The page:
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The playstyles of Rodgers and Favre were different, but their Packer legacies are eerily similar

Both players were elite regular season quarterbacks, but merely mortal in the playoffs when wins mattered most.

NFC Divisional Playoffs - San Francisco 49ers v Green Bay Packers Photo by Stacy Revere/Getty Images

When thinking of the playstyles of Aaron Rodgers and Brett Favre over the course of their careers, it is hard to describe either player as remotely similar.

Rodgers has always been the ultimate protector of the football, rarely turning the ball over and seemingly calculated in his every move. Undoubtedly, Rodgers has been much more inclined to take a devastating sack than make a risky pass. Favre, meanwhile, became the NFL’s leader in interceptions by a long shot. He was the classic gunslinger willing to try to make a play happen even when it was not there. That tendency either led to unfathomable highlights or six-interception performances. Yet, regardless of their highs and lows, the franchise achieved a high level of success under both players. Favre brought the Packers back from the shadows and Rodgers maintained that winning tradition for another decade and a half.

However, if this indeed was Rodgers’ last game in a Packers uniform, the two stellar quarterbacks will leave Green Bay with similar legacies despite their brilliance in distinct ways.

For both legendary Packers quarterbacks, there will always be a sense that the franchise never gave either player enough offensive star power to get over the hump during most of their careers. Many remember the team’s reluctance to trade for Randy Moss during Favre’s time, while most casual fans and members of the media would look at the Packers’ roster under Rodgers and argue at length why the team didn’t select a first-round wide receiver. Especially during the end of the Ted Thompson era, this notion could have been considered accurate. However, as the 2021 season came to an end for the Packers, it’s hard to blame the front office for a lack of weapons in Rodgers’ past two seasons, much like Favre’s final year in Green Bay.

In fact, if anything, Green Bay came up short in the last season of both quarterbacks’ Packers careers largely due to the errors of those said quarterbacks in the postseason.

Favre’s last pass for Green Bay in 2007 will forever be remembered as a fitting end to his tenure - an overtime interception that set up a game-winning drive for the New York Giants. Despite a 13-3 regular-season record, the Packers looked like the coldest team on their home field on a frigid evening and Favre had a below-average showing with a 19-for-35, 236-yard, two-touchdown, two-interception line. A fantastic regular season team fell short unexpectedly with a poor showing from its quarterback, who had one last opportunity to lead the offense down the field for the win but didn’t cash in.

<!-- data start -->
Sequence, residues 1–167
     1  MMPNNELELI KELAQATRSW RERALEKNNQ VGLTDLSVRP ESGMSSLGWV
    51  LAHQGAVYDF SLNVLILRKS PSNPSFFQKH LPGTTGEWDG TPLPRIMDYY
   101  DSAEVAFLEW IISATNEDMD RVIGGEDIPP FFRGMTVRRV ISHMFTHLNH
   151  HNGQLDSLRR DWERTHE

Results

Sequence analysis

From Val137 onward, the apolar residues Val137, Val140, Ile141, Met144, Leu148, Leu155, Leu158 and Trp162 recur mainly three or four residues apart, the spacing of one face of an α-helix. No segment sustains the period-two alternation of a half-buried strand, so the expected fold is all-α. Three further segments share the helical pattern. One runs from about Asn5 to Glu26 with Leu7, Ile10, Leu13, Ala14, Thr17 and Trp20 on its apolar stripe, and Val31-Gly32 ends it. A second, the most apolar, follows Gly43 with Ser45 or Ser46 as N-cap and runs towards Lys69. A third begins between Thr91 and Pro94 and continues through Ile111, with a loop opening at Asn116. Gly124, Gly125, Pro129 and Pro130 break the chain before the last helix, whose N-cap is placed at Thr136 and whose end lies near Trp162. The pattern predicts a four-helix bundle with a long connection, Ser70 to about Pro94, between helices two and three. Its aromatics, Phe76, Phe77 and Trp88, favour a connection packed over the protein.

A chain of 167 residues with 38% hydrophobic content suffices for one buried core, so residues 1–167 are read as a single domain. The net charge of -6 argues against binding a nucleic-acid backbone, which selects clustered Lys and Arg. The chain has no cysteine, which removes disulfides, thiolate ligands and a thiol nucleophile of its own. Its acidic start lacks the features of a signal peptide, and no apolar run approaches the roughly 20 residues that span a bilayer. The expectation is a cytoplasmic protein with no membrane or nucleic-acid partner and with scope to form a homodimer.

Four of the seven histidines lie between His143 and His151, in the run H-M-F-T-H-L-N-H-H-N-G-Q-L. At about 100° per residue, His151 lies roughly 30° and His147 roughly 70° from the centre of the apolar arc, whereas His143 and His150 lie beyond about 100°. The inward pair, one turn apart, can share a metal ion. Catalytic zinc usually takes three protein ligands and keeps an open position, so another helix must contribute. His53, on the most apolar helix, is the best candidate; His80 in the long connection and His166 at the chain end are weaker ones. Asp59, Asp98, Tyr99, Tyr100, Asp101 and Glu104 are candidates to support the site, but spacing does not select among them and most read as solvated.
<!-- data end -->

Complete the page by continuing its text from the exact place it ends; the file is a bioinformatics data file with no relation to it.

Likewise, the Packers' 13-4 record this season still was not enough for the team to reach the promised land, stunningly losing at Lambeau Field in the same cold weather that used to be its forte. Rodgers had one of his worst games as a Packer, leading five drives that finished in a three-and-out, including the final three offensive possessions of the game. His 20-for-29 performance for 215 yards is unspectacular, but still doesn’t tell the full story after 75 yards came on one pass to Aaron Jones. Even after a blocked punt resulting in a touchdown, the game was still tied and left for the taking with five minutes to play. Like Favre, Rodgers couldn’t march the team into field goal territory and the Packers instead ended up moving backward on the drive.

On a night in which the special teams let the Packers down but the defense rose to the challenge, just one additional offensive drive could have been the difference. Instead, Rodgers led the team on just two scoring drives and failed to throw a touchdown pass. That Jones and Davante Adams combined for 18 of Rodgers’ 20 completions is telling in itself, as Rodgers locked his eyes on the same two receivers again and again. There was perhaps no better example of this than on third down at the end of the game when Rodgers turned down an open Allen Lazard for a first down to sustain the drive in favor of an unlikely deep heave to a double-covered Adams. If it indeed was Rodgers’ last passing attempt in Green Bay, he went out looking much like Favre and some of his high-risk, head-scratching playoff moments.

While the book is not closed on a return to the Packers for Rodgers, championships are the bottom line in the NFL. The math is simple. One Super Bowl appearance and one win for Rodgers. Two appearances and one win for Favre. The Packers’ combined regular-season record since 1992 is 306-173. To play just three games on the final day of the season in that timeframe has been a massive underachievement for two quarterbacks that accrued three Most Valuable Player awards each (for now). While the playing styles of Favre and Rodgers could not be more different, the ultimate results were about the same.

In the end, both Hall of Fame quarterbacks have been fun to watch in their own ways and left plenty of lasting highlight moments to be retold for generations to come. They will each have their numbers retired by the Packers organization, even after historic fall-outs with the front office and first-round quarterback selections. They may each even leave Green Bay after one of their best seasons ever.

But the final legacy for both quarterbacks might sadly just be that they were great, but not great enough when it mattered most.